Behind the extraordinary transformation of India's landscape promised, but not yet delivered, by Prime Minister Narendra Modi, a parallel development is taking place. It is an alteration in what might be called "the common-sense of the republic", and if not exactly presided over by Modi, it has been greatly enabled by him.

The relationship is one of mutual convenience, for the forces behind this transformation, in turn, believe strongly - even fanatically - in Modi's government. But the paradox is that they have no investment in the character or constitution of the state over which Modi presides - or indeed in democracy itself, except as a mechanism for majoritarianism.

One year since Indian PM Narendra Modi was voted into power

The organisation that is behind this holy war - it is nothing less than that - is called the Rashtriya Swayamsevak Sangh (RSS), a Hindu nationalist group established in 1925. Some sense of the kind of conservative, patriarchal order the RSS wants to bring into being in India is implicit in the kind of order it already has: membership is restricted to Hindu males. 

But the RSS is no ordinary "cultural organisation", although it describes itself as one, and it enjoys extraordinary access to the current regime. It is the parent body of the ruling Bharatiya Janata Party, and many ministers of the present government - and most prominently, Modi himself - have a history of working for the RSS and continue to call themselves "swayamsevaks", or functionaries of the organisation. 

The RSS is profoundly suspicious not just of Muslims and Christians, but of democracy itself.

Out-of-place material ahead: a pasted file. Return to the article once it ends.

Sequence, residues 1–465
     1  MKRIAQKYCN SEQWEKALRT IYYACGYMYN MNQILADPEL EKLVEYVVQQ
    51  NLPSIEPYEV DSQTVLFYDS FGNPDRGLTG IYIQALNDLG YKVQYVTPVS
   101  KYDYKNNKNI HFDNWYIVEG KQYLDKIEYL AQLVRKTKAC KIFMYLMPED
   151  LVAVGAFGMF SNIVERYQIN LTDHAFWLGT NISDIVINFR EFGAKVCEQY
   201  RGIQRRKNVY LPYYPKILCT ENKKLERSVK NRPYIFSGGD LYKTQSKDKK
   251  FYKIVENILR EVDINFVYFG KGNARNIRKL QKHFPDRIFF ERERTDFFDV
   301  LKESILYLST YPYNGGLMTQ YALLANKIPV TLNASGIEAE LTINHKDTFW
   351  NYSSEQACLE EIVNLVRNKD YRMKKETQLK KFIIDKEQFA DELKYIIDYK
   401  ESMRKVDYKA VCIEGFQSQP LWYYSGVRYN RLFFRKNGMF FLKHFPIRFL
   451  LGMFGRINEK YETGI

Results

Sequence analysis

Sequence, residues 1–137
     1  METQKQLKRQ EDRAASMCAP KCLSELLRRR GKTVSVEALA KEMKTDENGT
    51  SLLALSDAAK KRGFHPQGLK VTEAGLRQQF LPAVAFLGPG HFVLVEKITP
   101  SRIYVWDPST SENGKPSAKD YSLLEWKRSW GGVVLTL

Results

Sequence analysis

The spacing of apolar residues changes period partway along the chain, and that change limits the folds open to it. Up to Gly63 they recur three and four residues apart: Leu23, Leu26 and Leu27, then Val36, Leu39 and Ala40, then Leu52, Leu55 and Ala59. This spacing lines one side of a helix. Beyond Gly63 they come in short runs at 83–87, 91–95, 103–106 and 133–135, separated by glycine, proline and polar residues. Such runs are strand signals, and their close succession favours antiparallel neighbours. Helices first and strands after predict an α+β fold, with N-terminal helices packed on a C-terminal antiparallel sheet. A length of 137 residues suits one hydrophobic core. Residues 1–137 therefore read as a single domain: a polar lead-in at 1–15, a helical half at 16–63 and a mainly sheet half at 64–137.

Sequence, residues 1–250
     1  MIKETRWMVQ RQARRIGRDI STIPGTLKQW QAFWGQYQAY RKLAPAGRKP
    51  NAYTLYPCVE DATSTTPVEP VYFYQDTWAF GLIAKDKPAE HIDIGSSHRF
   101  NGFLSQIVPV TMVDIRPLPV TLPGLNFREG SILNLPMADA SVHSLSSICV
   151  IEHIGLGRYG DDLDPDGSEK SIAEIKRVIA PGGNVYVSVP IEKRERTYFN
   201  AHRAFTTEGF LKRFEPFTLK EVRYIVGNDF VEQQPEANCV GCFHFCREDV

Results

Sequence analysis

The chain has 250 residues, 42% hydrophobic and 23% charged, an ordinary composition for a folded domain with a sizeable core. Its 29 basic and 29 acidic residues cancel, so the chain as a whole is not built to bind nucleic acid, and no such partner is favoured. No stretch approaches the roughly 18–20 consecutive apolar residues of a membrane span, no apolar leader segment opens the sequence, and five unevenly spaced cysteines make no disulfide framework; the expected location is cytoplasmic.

Hindu homeland

The RSS' sense of mission is rooted in a profound sense of grievance. In the RSS' worldview, India always was - and should remain - the home of the Hindu faith and the homeland of Hindu people. Whatever the currents that run through Indian history, the widest and strongest of them is Hinduism.

The members of the RSS believe that, for nearly a millennium, Hinduism has been under siege from sinister forces, such as Muslim invaders from the northwest and then British colonialism - and even by the Indian government after independence, which showed that it was "anti-Hindu" by establishing rights and protections for religious minorities as it "gave up" a part of the motherland for the formation of Pakistan.

It is an article of faith for the RSS that even though India is now a free nation, it is in need, after so many centuries of contamination by foreign religions and ideas, of realignment. In an ideal world, "Hindu" and "Indian" should be virtually interchangeable terms. Hindus are proudly and naturally and originally Indian; others earn their Indian-ness through good behaviour and submission to the Hindu consensus.

A revealing glimpse into this Hindu-centric worldview was revealed last week by India's culture minister Mahesh Sharma when he remarked of the former president of India, nuclear scientist A P J Abdul Kalam, that he was a great nationalist "despite being a Muslim".